Coal's Other Major Pollutant: Mercury

This post is co-written by Greg Haegele and Bruce Nilles, Director of the Sierra Club's National Coal Campaign.

When we talk about coal-fired power plants, the discussion usually revolves around their massive emissions of global warming pollution. Yet these plants also emit many other toxic pollutants – including mercury.

So you can imagine our happiness two weeks ago when a federal judge rejected Duke Energy's attempts to build its new Cliffside coal-fired power plant  in North Carolina without modern mercury and other pollution controls. This is the latest federal court to find that Duke Energy and its CEO Jim Rogers are simply refusing to comply with the law.The ruling means that Duke must go back to the regulators and agree to limit the mercury emissions from its Cliffside plant. As the first coal plant sent back to the drawing board after the D.C. Court of Appeals tossed out the do-nothing Bush administration mercury rules earlier this year, this case sets a precedent .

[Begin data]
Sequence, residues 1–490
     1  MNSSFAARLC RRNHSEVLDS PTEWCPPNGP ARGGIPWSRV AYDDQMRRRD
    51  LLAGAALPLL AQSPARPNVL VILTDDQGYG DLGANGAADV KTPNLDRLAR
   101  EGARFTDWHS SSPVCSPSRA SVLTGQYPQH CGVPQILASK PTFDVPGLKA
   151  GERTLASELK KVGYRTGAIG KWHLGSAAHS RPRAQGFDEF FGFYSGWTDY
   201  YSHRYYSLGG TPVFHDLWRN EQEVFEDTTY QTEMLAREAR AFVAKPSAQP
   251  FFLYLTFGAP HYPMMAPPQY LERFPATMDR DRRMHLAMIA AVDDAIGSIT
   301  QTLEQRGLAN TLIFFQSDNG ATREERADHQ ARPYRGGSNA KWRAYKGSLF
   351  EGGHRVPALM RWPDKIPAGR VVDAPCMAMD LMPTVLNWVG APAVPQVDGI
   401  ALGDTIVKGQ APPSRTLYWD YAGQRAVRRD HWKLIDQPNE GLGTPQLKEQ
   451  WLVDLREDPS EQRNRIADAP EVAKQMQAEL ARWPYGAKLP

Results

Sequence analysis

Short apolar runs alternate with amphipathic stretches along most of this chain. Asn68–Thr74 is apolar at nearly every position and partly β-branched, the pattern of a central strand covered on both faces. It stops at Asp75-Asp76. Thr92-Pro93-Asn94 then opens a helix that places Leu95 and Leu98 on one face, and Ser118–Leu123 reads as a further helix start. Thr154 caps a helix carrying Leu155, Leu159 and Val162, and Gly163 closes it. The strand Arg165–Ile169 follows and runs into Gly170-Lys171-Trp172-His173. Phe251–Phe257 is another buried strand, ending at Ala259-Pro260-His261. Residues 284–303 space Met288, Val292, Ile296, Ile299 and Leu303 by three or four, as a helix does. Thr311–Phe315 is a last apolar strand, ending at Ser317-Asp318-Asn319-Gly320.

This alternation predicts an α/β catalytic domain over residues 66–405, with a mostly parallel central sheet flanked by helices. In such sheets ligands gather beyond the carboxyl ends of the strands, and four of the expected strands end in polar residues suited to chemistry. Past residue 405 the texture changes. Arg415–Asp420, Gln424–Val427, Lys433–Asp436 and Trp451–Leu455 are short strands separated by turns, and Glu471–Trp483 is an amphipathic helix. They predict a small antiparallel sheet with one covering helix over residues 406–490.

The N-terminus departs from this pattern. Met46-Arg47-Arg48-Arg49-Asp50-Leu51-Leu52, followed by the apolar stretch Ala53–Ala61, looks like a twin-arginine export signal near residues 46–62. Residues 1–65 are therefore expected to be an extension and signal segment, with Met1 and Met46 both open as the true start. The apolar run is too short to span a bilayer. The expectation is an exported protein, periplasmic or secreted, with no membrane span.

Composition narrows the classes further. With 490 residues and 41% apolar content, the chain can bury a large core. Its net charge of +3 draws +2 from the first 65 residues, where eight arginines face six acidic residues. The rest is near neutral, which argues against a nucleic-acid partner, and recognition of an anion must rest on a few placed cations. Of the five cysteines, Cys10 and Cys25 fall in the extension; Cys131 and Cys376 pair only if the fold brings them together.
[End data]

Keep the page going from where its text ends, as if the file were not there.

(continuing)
According to the Environmental Protection Agency, coal-fired power plants are the largest industrial source of mercury pollution in the country. Mercury is a neurotoxin that has already contaminated water bodies in all 50 states. Also according to EPA , more than one in six women have already consumed so much mercury-contaminated fish that it threatens any children they may have.

Duke's planned Cliffside coal plant was the latest in a string of plants across the U.S. lacking modern mercury controls. The Sierra Club is fighting these plants, including an action we took action earlier this year to make 30 plants go back and tighten their mercury emissions .

There are affordable controls for mercury – even the EPA has said as much in its own estimates. And isn't it fairer [[more fair]] that utilities pay for the cost of polluting instead of having parents dealing with the cost of children born with the neurological defects associated with mercury-laden fish?

Most important, though, we need to move beyond coal to clean, renewable energy sources over the next decade. There is no such thing as clean coal . It is filthy, it is destructive when mined, it is poisonous when burned and it contaminates ground water when the coal ash is land-filled.  Not so with investments in energy efficiency, wind, solar and geothermal power.

Image credit:Home&Garden; Network, Liquid Mercury Metal

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